In the midst of all this adversity, it’s tempting to become pessimistic and fall into a kind of fatalistic hopelessness. It’s easy to overlook the amazing potential for resilience in us as human beings. Amazingly, even in the midst of trauma, people continue to smile, to love, to celebrate, to create, and to renew. In making this observation, we absolutely do not mean to belittle the impact of traumatic times or the suffering many have endured and continue to endure. Suffering is real, but resilience is also real. It is an incredible and encouraging fact about human nature that, contrary to popular belief, after a period of emotional turmoil, most trauma survivors eventually recover and return to their lives. They bounce back.
And in some cases, they do much more. They bounce forward, and in truly remarkable ways. “A significant minority, as a result of the trauma, feel called upon to engage in a wider world,” Herman writes. They refocus their energies on a new calling, on a new mission, on a new path, on helping others who have been victimized, on education, on legal reforms, or any number of other big goals. They move beyond mere resilience. They transform the meaning of their personal tragedies by making them bases for change.
We call these people supersurvivors (Feldman & Kravetz, 2015).
Eugene, one of those who genuinely cares for Rapunzel and has much wisdom, does not push Rapunzel to obey Gothel, and to reconcile with her after the truth is revealed! Eugene’s act of cutting off Rapunzel’s magical hair symbolically frees her from her evil, abusive mother.
I acknowledge that every case is different, and do not mean to overgeneralize here in my writing. Reconciliation is possible and can also be healthy, but only if the abusers acknowledge their wrongdoings and try to make amends. In many cases, attempts at reconciliation are harmful, and could even lead to a suffering person being exposed to an abusive situation yet again. We all like to see a “happily ever after” picture of reconciliation, but we must all think carefully before advising a traumatized person to attempt to continue a relationship with an abusive person from their past. In order to gain wisdom about helping people in such situations, it can be very helpful for all of us (even for most therapists) to obtain specialized education about the psychology and psychotherapy of abuse survivors.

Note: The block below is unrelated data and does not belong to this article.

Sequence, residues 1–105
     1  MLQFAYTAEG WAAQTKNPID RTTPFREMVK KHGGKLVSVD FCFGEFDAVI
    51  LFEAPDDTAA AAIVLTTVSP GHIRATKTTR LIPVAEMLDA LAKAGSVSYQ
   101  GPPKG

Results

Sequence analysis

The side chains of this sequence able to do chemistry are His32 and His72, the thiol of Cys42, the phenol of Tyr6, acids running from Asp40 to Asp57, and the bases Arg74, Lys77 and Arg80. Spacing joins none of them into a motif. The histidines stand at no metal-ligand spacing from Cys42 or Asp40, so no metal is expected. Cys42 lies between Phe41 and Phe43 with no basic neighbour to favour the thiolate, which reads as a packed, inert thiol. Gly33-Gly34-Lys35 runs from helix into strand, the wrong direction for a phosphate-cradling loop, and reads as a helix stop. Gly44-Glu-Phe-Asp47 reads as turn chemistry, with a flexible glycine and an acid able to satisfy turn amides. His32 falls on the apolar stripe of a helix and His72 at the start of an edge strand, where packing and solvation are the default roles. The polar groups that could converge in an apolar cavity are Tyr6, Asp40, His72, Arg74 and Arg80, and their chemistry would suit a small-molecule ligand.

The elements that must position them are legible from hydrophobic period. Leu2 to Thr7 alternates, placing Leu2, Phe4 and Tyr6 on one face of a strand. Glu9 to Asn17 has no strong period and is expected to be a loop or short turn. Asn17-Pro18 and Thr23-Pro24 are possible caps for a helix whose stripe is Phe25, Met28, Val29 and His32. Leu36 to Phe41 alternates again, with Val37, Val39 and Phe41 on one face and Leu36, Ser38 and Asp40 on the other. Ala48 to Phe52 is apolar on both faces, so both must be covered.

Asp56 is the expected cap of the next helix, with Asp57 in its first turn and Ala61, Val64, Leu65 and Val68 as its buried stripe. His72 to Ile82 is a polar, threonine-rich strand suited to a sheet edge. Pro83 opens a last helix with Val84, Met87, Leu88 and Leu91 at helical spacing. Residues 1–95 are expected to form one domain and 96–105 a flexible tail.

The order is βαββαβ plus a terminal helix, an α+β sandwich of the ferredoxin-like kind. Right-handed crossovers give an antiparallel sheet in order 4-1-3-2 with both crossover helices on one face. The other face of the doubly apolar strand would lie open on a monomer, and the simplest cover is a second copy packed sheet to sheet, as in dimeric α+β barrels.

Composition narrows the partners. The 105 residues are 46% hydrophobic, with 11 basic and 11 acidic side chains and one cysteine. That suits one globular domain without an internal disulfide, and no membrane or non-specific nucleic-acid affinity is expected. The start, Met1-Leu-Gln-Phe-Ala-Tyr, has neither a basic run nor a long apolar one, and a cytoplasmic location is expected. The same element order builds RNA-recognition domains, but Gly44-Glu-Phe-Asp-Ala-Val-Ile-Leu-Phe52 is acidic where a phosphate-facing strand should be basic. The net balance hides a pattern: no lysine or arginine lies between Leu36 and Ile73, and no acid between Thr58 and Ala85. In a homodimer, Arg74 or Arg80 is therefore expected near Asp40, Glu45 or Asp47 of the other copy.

Karma is the idea that would come up at one point or another, in psychotherapy, in social conversations, in movies, in religions… we can understand “karma” not as a superstition or religious idea, but as a type of theme that presents itself in human stories. In a story, if there is tension or injustice, the reader will have a strong desire for the tension or injustice to be relieved later on. In this way, karma could be understood as the author’s way of demonstrating an ideal of fairness and justice, in a world which is sometimes unfair or unjust.
In the movie, Gothel initially tries to mask her evilness, with Rapunzel’s golden, magical hair, with makeup, with nice clothes… (Conli et al., 2010).
In real life, abusers may mask their evil acts in front of certain groups, in order to maintain their reputations and to hide from justice. But we know that abusers rarely change their ways. Change usually requires long-term intervention from therapists, the community, and sometimes the criminal justice system.
In the movie, Gothel’s evilness is always present. People with wisdom can detect it right from the beginning! Finally, the truth is completely revealed in the end. Justice—and karma—prevail, in the sense that Gothel’s tyranny comes to an abrupt end.
Whether there is karma or not, what matters most is that you remain kind and be like Rapunzel! Believe that good things will happen to you, as long as you choose kindness. One of the most obvious blessings is a peaceful state in your heart. Kindness also draws you to people and situations that are genuinely kind and loving.
I See the Light by Mandy Moore
While this is meant to be a love song, some of the lyrics accurately describe the thoughts of someone who escaped an abusive environment. A person living in the midst of abuse could sometimes engage in dissociation, such that it may be hard for him or her to appreciate a beautiful flower and a singing bird…
All those days watching from the windows
All those years outside looking in
All that time never even knowing
Just how blind I've been
Now I'm here blinking in the starlight
Now I'm here suddenly I see
Standing here it's all so clear
I'm where I'm meant to be
And at last I see the light
And it's like the fog has lifted
And at last I see the light
And it's like the sky is new
And it's warm and real and bright
And the world has somehow shifted
All at once everything looks different
(Alan Menken and Glenn Slater)
After you escaped an abusive environment, you may feel thankful for being able to see the world much more accurately now. You may start to look at everything with so much curiosity, or you may experience a sense of novelty wherever you go. You may feel thankful for being able to live your life with much more gratitude, love, and peace. You may feel thankful for being able to stay in the present moment!
May you always remember your courage, which helped you escape!
The journey of healing takes much time and effort. May you persevere and hold tight onto kindness.
If you are a survivor of abuse....
Affirmations: I enrich my life when I seek psychotherapy. I enrich my life when I strive hard to bounce back or bounce forward. I enrich my life when I nurture kindness in my heart. And I enrich my life when I proudly say, “I am a survivor of abuse.”
If you are a friend of abuse survivors…
Affirmations: I enrich my life when I acquire knowledge about abuse and trauma. I enrich my life when I acknowledge that I am not my friend’s therapist, but that I can help him or her through spending quality time together.
Conli, R., Lasseter, J., & Keane, G. (Producers), & Greno, N., & Howard, B. (Directors). (2010). Tangled [Motion picture]. United States: Walt Disney Pictures.
Feldmna, D. B., & Kravetz, L. D. (2015). Supersurvivors: The surprising link between suffering and success. New York, NY: Harper Wave.